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Drinking coffee can naturally cut melanoma risk by 20%


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(NaturalNews) The leading cause of skin-cancer death in the United States, melanoma, may be prevented by engaging in a habit that's familiar to millions of Americans. The act of drinking coffee might offer protection against the devastating illness, according to a study conducted by researchers from Yale University and the National Cancer Institute at the National Institutes of Health (NIH).(1,2)

To conduct the study, the experts reviewed data from the NIH-AARP Diet and Health Study, which involved nearly 450,000 cancer-free patients. Over the course of more than 10 years, their food intake, which included coffee consumption, was reviewed. So too was their incidence of melanoma. Nearly 3,000 participants had developed melanoma during this time frame. However, it was discovered that, overall, those who drank more coffee daily were less likely to develop the condition during follow-up periods. A 20 percent lowered melanoma risk, for example, was linked to those who consumed four cups of coffee daily.(2)

Coffee has "bioactive compounds" that may reduce melanoma risk

Considering that America loves its coffee, this is good news. A great deal of people enjoy their cup of joe; more than half of Americans are said to enjoy an average of over three cups per day.(2)

However, this isn't to say that people should engage in unhealthy skin behaviors so long as they have their favorite coffee by their side.

Erikka Loftfield, a graduate student at the Yale School of Public Health stressed this point, saying, "The most important thing a person can do to reduce risk is to reduce sun and ultraviolet light exposure."(3)

The study, titled "Coffee Drinking and Cutaneous Melanoma Risk in the NIH-AARP Diet and Health Study," was published in the Journal of the National Cancer Institute. It states:

Cutaneous melanoma is the fifth most common cancer in the United States. Modifiable risk factors, with the exception of exposure to ultraviolet radiation (UVR), are poorly understood. Coffee contains numerous bioactive compounds and may be associated inversely with melanoma.(4)

The study concludes:

Higher coffee intake was associated with a modest decrease in risk of melanoma in this large US cohort study. Additional investigations of coffee intake and its constituents, particularly caffeine, with melanoma are warranted.(4)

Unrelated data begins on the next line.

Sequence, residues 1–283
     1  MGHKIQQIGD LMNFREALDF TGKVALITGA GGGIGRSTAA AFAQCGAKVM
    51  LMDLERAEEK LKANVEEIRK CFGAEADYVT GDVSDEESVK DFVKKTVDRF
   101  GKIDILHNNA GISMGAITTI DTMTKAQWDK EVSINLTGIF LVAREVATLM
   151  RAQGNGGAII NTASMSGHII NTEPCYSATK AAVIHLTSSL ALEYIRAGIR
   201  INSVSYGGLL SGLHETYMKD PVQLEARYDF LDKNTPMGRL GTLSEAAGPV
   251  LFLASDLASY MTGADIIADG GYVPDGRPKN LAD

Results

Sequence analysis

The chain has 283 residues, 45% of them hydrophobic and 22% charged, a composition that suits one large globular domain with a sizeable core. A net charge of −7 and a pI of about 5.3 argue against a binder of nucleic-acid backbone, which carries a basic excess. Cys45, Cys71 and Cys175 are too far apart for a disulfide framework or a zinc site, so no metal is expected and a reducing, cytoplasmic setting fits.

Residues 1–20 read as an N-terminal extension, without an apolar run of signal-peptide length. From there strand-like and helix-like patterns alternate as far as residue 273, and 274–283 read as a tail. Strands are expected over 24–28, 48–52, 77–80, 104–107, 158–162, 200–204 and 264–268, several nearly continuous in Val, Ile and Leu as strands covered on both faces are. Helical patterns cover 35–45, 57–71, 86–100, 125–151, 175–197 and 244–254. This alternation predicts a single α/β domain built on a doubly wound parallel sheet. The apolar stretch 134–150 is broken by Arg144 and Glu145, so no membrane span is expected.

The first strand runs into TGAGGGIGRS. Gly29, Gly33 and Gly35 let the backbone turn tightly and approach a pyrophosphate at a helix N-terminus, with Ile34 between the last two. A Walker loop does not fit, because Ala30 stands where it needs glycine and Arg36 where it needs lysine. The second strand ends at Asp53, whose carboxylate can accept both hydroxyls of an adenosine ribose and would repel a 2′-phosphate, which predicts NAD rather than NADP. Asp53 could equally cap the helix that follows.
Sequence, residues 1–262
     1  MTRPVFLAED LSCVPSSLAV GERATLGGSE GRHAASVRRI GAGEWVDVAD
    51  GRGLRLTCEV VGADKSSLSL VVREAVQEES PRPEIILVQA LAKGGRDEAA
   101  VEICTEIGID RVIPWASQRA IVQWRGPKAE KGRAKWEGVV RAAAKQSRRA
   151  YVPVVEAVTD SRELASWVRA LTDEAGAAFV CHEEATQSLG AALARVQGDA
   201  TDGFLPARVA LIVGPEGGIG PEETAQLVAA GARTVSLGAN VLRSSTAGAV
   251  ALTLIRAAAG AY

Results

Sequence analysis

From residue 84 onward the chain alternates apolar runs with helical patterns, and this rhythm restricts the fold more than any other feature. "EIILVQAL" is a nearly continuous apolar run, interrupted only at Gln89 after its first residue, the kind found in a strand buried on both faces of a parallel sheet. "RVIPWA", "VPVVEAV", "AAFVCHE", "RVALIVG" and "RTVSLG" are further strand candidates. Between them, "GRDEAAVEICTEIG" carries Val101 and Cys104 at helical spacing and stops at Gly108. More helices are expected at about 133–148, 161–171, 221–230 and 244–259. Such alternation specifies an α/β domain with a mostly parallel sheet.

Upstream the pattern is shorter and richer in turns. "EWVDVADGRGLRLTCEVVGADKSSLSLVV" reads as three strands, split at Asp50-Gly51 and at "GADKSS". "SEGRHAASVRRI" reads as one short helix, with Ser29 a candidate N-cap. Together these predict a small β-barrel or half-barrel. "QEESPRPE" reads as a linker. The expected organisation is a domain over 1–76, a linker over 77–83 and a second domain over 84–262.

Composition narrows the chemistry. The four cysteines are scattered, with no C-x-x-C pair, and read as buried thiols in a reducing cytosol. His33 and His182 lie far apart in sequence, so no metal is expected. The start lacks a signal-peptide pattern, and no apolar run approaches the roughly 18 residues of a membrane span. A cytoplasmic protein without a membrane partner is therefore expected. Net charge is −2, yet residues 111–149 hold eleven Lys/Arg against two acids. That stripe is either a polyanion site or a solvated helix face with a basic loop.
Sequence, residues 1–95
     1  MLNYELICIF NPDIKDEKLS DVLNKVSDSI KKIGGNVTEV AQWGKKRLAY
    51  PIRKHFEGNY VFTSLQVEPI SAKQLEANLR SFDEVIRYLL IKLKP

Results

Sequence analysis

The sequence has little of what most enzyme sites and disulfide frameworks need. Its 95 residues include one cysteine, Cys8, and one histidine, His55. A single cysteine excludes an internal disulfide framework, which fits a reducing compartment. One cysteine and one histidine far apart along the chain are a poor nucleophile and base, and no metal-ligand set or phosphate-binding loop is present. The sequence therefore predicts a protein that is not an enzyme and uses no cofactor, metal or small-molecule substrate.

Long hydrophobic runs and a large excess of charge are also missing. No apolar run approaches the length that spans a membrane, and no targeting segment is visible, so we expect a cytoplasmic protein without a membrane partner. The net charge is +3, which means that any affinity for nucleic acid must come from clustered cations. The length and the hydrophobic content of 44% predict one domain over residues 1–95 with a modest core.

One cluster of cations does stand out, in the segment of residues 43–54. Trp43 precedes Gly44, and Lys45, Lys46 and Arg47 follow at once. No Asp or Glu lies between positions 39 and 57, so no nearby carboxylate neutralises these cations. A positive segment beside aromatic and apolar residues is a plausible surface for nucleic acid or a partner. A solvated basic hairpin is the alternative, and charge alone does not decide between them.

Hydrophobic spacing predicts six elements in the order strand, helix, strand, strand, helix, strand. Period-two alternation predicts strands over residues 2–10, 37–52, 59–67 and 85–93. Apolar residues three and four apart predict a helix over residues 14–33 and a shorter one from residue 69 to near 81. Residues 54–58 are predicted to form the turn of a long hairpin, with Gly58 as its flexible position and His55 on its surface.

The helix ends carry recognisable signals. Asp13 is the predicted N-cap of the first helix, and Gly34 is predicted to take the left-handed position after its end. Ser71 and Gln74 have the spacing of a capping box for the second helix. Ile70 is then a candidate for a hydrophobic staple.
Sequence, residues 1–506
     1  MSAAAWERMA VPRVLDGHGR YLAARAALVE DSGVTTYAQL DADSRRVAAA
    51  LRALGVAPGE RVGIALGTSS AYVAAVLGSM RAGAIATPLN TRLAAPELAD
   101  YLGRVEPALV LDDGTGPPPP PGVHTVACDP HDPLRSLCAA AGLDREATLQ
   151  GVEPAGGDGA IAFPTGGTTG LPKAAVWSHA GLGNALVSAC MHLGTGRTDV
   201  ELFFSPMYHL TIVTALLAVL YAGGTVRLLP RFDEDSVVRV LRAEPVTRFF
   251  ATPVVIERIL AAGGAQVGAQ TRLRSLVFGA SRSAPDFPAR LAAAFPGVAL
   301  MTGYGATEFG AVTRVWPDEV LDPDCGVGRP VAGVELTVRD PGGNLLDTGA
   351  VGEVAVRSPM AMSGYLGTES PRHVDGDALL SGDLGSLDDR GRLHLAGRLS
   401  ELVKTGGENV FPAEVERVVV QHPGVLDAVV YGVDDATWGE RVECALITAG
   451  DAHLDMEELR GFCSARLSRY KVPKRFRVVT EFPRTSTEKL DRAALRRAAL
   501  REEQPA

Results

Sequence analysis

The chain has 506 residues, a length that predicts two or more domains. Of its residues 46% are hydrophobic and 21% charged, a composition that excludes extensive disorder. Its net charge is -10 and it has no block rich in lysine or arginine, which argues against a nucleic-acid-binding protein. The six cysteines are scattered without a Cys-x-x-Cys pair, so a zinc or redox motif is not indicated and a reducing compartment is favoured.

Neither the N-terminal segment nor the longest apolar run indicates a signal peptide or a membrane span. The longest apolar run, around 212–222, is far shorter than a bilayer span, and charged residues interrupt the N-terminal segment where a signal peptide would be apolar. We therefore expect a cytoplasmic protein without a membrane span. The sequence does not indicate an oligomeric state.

Other findings show health benefits of drinking coffee

While it suggests that other studies are needed in this particular instance, several other findings outside of this study support coffee's health benefits.

For example, consumption of it has been linked to lessening the risk of a kind of primary liver cancer called hepatocellular carcinoma. In some cases, it was found to decrease that particular risk by up to 50 percent in those who drank three cups daily. Drinking the beverage has also been associated with achieving other positive health benefits, including reduced risk of oral cancer, endometrial cancer and prostate cancer.(5)

According to the Mayo Clinic, melanoma is the "most serious" form of skin cancer and is showing a trend toward increased incidences mainly in women under the age of 40. As with most conditions, they explain that early detection is the best prevention, so be sure to engage in routine self-checks on your skin and speak to a medical professional about any concerning changes in the skin's appearance. A weak immune system, fair skin, past sunburns and a family history of melanoma are some risk factors that can contribute to its development.(6,7)

Don't care for coffee? Enjoy these skin-saving foods

In addition to a few cups of coffee, one might also consider eating skin-saving health foods.

Healthy fats such as those found in walnuts, salmon and olive oil are thought to extend skin's health. Other foods that help reduce the risk or recurrence of skin cancer include peaches, avocado, red bell peppers, winter squash and berries. They all contain cancer-preventing antioxidants, vitamins and minerals.(8)


(1) http://www.livescience.com

(2) http://www.medicalnewstoday.com

(3) http://well.blogs.nytimes.com

(4) http://jnci.oxfordjournals.org

(5) http://www.huffingtonpost.com

(6) http://www.mayoclinic.org

(7) http://www.mayoclinic.org

(8) http://www.livestrong.com

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